We are using your donations to help over 270,000 animals in Nepal
After two major earthquakes devastated Nepal in April and May this year, we have been on the ground working with local authorities to protect animals and their owners’ livelihoods.
Together with local vets, our disaster response team has been working with local communities to assess their needs and deliver emergency treatment to animals in urgent need.
We have been bringing you stories from our disaster response team, including local volunteer vet Uday Singh Karki, as communities struggle to come to terms with the aftermath of the earthquakes. In some of the worst hit regions, 95% of local families own animals and are reliant on them for their income. Hundreds of thousands of these animals were left injured, vulnerable to disease and without shelter after the earthquakes.
Assessing animal needs
To make sure your donations are used to protect the largest number of animals in the areas most in need, we carry out comprehensive assessments alongside the emergency treatment of animals in urgent need.
In Nepal animals are vulnerable to extreme weather conditions, from scorching sunshine, to monsoon rain and freezing overnight conditions. With most shelters destroyed or severely damaged in the earthquakes, this has been highlighted as a key need for animals in the country.
The stress caused by the earthquake has resulted in many animals refusing to use their damaged and rebuilt shelters. It has also had severe impacts on milk production in cows, buffalo and goats. This is not only a sign of extremely poor health, it is also causing huge problems for both the offspring of the animals who rely on the milk to survive, as well as the owners of the animals who depend on the milk for their livelihoods.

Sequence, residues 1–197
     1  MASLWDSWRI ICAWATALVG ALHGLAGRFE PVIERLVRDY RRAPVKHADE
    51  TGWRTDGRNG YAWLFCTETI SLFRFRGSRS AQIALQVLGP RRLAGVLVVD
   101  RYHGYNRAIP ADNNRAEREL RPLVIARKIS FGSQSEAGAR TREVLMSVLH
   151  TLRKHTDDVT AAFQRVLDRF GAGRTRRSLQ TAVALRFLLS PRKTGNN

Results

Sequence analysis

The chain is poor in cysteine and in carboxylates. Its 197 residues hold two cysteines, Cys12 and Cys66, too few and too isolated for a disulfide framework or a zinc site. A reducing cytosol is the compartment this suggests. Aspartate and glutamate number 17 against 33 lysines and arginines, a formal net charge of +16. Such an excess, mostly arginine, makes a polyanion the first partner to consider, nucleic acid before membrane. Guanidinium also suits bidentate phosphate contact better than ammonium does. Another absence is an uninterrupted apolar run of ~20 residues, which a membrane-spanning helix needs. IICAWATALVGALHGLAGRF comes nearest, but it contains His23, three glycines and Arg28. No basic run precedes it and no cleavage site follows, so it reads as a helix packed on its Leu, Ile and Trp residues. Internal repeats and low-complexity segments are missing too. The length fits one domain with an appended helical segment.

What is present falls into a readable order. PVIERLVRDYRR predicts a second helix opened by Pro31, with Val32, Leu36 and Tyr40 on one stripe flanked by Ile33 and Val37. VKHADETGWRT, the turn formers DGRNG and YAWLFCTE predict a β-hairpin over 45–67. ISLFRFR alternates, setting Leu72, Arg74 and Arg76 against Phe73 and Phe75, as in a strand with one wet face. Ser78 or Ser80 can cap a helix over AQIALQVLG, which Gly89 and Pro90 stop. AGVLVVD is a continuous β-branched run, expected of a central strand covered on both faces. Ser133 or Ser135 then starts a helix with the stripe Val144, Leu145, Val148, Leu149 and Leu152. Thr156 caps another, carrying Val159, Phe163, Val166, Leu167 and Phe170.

Protecting over 270,000 animals
Together with Nepal Government veterinarians, we will be addressing these issues and protecting over 270,000 animals in the country.
Thanks to your donations we can provide the materials for the construction of 1,400 brand new shelters in the worst hit areas. Over 8,000 animals will benefit immediately and an estimated 250,000 will come to benefit from the shelters over the next 7 years.
Poor quality food is also preventing livestock from recovering across the country. However higher quality food and supplements will become more readily available in the country over the coming weeks and months. So we are taking this opportunity to work with local communities to empower them to make the best choices for their animals.
Alongside this education campaign, the Veterinary Association of Nepal will be treating 20,000 animals across the Chautara district. Chuatara was among the worst hit districts in Nepal and your donations have provided the association with the medecine they need to ensure that some of the most vunerable animals in the country go on to live healthy and happy lives.
Thank you to those of you who generously donated to our response in Nepal or shared our work with your friends and families. Without your help none of the above would be possible.
Stories from the ground in our blog
Our Animals in Disasters blog brings you the stories from our teams on the ground helping animals in disasters, as well as our work lobbying to ensure that animals are considered at the highest level of decision making.
Read the blog to stay up to date with how we are moving the world to protect animals in disasters with your help.